Plagiarism Runs Rampant on Many AI-Scribed CNET Articles

A Futurism investigation alleges that the bot technology directly plagiarizes work from Red Ventures competitors like Forbes

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Days after a report surfaced pointing out that a trove of articles from CNET labeled as written by “staff” were actually scribed by an artificial intelligence (AI) tool, the fabled site is in the crosshairs of yet another controversy.

A new investigation conducted from Futurism uncovered “extensive evidence” that suggests the AI-generated articles are so close to work of competitors like Forbes that they constitute plagiarism. Finding “deep structural and phrasing similarities” and providing side-by-side examples, Futurism asserted that “the bot directly plagiarized the work of Red Ventures competitors, as well as human writers at Bankrate and even CNET itself.” 

TheWrap previously reported on CNET attempt’s to right course by removing “staff” from the bylines of AI-written articles, after they were brought into question in an earlier Futurism report. Then, the publication found the content was “riddled with factual errors.” Now the site’s report likens CNET’s AI work to that of a “a serial plagiarist.”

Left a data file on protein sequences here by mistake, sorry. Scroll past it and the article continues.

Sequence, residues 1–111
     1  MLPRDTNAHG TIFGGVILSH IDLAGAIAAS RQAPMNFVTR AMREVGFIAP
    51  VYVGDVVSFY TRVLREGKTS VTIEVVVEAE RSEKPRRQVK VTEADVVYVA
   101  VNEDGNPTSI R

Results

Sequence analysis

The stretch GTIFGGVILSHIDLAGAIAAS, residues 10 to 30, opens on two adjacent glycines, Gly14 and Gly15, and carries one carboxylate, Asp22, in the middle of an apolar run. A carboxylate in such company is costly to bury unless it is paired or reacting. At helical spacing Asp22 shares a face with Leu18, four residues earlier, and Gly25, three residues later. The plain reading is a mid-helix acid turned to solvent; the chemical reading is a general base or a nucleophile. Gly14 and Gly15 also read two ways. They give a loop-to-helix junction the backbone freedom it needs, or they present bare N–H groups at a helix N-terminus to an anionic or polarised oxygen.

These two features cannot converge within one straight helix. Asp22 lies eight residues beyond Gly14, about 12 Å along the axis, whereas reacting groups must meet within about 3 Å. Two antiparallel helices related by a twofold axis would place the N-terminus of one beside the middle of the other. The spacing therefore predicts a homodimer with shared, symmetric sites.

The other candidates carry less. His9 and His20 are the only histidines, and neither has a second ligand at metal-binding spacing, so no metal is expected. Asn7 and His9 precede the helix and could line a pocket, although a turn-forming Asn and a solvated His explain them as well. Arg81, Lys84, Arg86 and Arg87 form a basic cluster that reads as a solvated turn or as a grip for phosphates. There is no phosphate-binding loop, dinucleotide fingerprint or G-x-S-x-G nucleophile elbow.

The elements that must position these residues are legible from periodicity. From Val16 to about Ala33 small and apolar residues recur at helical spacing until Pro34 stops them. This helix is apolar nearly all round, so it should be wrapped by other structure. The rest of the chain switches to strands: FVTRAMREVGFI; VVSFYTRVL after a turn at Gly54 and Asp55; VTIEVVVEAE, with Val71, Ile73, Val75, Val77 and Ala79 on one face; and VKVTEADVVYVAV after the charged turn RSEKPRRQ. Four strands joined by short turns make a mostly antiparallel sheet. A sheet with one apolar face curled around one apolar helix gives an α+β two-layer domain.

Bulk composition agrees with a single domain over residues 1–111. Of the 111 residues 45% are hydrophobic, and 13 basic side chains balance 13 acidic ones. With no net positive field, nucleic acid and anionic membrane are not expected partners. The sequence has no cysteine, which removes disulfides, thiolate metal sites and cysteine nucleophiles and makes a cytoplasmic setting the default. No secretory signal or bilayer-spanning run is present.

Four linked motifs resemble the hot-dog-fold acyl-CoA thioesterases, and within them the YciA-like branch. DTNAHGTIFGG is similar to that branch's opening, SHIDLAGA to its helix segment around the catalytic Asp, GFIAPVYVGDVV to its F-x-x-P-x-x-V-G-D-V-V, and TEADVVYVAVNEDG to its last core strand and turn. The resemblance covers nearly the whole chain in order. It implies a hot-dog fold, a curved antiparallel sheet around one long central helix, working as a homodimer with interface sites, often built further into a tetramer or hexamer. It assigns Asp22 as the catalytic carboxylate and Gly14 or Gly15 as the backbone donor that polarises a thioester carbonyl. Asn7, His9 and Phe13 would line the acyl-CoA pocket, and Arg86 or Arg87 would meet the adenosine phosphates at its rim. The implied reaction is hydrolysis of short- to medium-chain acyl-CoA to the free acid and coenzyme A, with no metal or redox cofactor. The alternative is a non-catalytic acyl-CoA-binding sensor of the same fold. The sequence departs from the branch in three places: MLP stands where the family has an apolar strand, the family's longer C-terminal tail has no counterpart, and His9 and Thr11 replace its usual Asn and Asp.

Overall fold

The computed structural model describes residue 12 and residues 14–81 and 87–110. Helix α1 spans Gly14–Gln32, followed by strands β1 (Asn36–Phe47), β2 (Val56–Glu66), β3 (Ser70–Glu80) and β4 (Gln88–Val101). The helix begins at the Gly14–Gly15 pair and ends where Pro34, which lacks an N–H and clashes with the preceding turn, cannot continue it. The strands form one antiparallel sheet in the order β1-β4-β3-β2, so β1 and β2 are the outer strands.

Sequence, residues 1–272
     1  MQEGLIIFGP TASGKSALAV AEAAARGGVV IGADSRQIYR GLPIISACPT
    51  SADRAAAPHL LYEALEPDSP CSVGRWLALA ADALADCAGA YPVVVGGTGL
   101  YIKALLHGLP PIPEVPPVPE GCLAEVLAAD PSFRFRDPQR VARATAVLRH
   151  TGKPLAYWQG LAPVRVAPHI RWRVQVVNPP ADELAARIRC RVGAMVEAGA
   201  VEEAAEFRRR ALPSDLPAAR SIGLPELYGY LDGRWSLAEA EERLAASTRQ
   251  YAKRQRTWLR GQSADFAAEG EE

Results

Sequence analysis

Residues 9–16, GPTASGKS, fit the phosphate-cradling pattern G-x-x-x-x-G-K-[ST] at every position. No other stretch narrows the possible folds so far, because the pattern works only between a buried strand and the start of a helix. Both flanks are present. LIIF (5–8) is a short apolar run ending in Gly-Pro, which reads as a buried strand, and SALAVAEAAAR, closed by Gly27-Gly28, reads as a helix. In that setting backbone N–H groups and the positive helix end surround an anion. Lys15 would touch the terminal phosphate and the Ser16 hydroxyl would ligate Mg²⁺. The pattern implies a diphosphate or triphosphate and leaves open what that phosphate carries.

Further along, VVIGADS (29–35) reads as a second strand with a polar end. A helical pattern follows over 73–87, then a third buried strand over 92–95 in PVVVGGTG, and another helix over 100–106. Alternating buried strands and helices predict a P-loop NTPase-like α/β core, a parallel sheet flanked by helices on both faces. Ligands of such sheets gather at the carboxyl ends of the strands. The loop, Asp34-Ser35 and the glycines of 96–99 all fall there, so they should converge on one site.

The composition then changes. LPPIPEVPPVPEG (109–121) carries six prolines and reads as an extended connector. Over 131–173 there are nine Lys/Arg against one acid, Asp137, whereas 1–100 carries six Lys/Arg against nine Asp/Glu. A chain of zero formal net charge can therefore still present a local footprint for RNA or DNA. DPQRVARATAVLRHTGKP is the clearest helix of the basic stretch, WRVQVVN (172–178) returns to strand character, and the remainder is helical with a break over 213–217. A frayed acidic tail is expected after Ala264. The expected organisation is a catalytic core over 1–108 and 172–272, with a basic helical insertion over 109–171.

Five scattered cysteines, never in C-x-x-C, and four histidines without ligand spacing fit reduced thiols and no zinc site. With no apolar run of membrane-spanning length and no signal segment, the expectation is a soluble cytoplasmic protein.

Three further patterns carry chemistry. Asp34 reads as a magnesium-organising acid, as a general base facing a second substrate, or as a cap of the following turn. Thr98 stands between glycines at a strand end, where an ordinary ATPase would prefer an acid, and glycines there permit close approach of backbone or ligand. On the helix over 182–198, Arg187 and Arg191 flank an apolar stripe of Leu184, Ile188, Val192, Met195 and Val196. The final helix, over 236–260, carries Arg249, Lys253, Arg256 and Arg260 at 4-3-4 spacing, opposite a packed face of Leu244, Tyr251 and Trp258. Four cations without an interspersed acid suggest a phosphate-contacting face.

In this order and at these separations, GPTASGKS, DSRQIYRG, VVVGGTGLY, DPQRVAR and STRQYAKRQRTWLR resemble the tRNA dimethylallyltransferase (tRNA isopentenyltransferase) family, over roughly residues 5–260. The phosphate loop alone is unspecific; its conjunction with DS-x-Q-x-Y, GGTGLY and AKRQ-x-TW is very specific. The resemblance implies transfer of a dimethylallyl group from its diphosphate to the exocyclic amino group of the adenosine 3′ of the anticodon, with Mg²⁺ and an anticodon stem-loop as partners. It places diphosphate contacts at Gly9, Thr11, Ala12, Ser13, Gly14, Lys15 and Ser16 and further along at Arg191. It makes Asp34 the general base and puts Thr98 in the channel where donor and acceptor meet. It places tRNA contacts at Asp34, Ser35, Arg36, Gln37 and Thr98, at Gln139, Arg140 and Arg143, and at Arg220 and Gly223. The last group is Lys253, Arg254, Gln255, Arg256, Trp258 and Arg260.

TheWrap reached out to CNET for comment but hasn’t yet heard back. CNET included disclosures on pages featuring AI-generated articles and noted they were scrutinized by a human editor before being published. 

In its report, Futurism provided side-by-side examples of the cited plagiarism. The site reported that CNET’s AI parses already-published articles and “makes adjustments — sometimes minor, sometimes major — to the original sentence’s syntax, word choice, and structure. Sometimes it mashes two sentences together, or breaks one apart, or assembles chunks into new Frankensentences. Then it seems to repeat the process until it’s cooked up an entire article.”

The process reeks of classic plagiarism found in K-12 and higher education. To preempt the problem, a number of school systems, from New York City’s public schools to Seattle schools, have barred students from using the AI chat bot ChatGPT from OpenAI, a Microsoft-backed firm that exploded in popularity over the last three months with first-to-market mover advantage.

How CNET continues to engage with AI-generated content moving forward remains to be seen, but so far the publication’s top brass aren’t exactly forthcoming with details such as “what data had been used to train the AI.” Futurism cited a report in the The Verge about a CNET meeting in which the executive vice president of content and audience “refused” to elaborate or provide details.